Russia has deployed MiG-29 fighters to Libya to support Khalifa Haftar’s Libyan National Army.
While the fighters themselves likely won’t tip the balance of power in the war-ravaged North African country, they do portend a possible, wider Russian intervention.
And if Russia does intervene, the nine-year civil war—which began shortly after NATO helped local rebels depose longtime strongman Muammar Gaddafi in 2011—could get a lot worse.
U.S. Africa Command revealed the MiG-29 deployment in a Tuesday release. “Russia is clearly trying to tip the scales in its favor in Libya,” U.S. Army general Stephen Townsend, the head of U.S. Africa Command, stated in a release. “Just like I saw them doing in Syria.”
At least six MiG-29s arrived at the LNA’s Al Jufrah air base along with at least two Su-24s. Mercenary pilots from the Moscow-backed Wagner group allegedly operate the planes. “That will be Russian mercenary pilots flying Russian-supplied aircraft to bomb Libyans,” Townsend stated.
The war in Libya is complex. Hafter’s LNA controls the sparsely-populated eastern and central regions around Benghazi. The U.N.-backed Government of National Accord oversees the heavily-populated areas around Tripoli in the country’s west.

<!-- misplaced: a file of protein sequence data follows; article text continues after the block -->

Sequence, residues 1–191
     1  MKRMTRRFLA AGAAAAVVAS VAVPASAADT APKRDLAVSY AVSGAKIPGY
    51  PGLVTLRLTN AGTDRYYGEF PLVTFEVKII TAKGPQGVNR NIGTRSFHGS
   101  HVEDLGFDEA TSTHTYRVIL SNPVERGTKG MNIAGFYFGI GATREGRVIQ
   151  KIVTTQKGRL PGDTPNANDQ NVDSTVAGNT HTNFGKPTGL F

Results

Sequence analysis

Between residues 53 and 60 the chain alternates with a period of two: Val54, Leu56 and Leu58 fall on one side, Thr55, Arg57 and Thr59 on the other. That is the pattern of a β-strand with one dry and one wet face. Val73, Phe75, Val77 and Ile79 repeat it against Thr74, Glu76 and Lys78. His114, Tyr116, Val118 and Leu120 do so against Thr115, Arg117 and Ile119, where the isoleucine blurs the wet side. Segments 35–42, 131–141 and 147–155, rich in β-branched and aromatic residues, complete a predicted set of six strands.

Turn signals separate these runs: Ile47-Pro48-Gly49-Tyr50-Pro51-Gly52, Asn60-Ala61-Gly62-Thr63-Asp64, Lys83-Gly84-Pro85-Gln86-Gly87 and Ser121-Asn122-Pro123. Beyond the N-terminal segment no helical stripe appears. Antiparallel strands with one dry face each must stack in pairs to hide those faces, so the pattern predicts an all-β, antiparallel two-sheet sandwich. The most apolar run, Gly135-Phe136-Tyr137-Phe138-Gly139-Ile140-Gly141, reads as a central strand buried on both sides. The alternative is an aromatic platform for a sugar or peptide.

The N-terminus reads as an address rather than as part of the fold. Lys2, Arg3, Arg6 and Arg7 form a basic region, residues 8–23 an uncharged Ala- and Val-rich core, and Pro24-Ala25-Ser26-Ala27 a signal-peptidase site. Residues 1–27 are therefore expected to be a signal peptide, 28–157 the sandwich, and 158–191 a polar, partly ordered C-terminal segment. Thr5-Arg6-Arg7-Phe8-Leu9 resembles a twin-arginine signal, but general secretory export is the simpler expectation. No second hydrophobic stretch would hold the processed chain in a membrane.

Saudi Arabia, the United Arab Emirates, Egypt and Russia back the LNA. Turkey and Qatar back the GNA. Emirati and Egyptian fighters and drones add their firepower to the LNA’s meager air force, while Turkish drones support the GNA’s own modest air arm.
“In military terms, these MiGs are useless,” said Tom Cooper, an independent aviation expert. “They can’t do anything that the Egyptian F-16s and Rafales, or Emirati F-16s and [drones] haven’t been doing for five to six years.”
But if Russian president Vladimir Putin pursues the same strategy that he did in Syria starting in 2015, more forces could follow behind the MiGs and Sukhois.
The Russian forces would help the LNA to bomb civilians in GNA towns and cities. The resulting chaos could send hundreds of thousands of people fleeing to Europe. “Such a development would be in Putin’s interest,” Cooper said.
“The only ‘good’ thing about MiG-29s in Libya is that, from their current base, they can do very little,” Cooper said. “MiG-29s are much too short-ranged to do more than provide top cover over Benghazi.”
“However, even if their number does not increase, with this single deployment Putin has established himself as a power-broker in Libya,” Cooper added. “He’s in a better overall position than UAE, Saudis and Egyptians—combined—though at far lower cost.”
The GNA isn’t powerless to fight back. The regime recently destroyed or captured several of the LNA’s foreign-supplied Pantsir air-defense systems. But Cooper cautioned against expecting Turkey to launch a major counteroffensive in support of the GNA.
Source: Forbes Business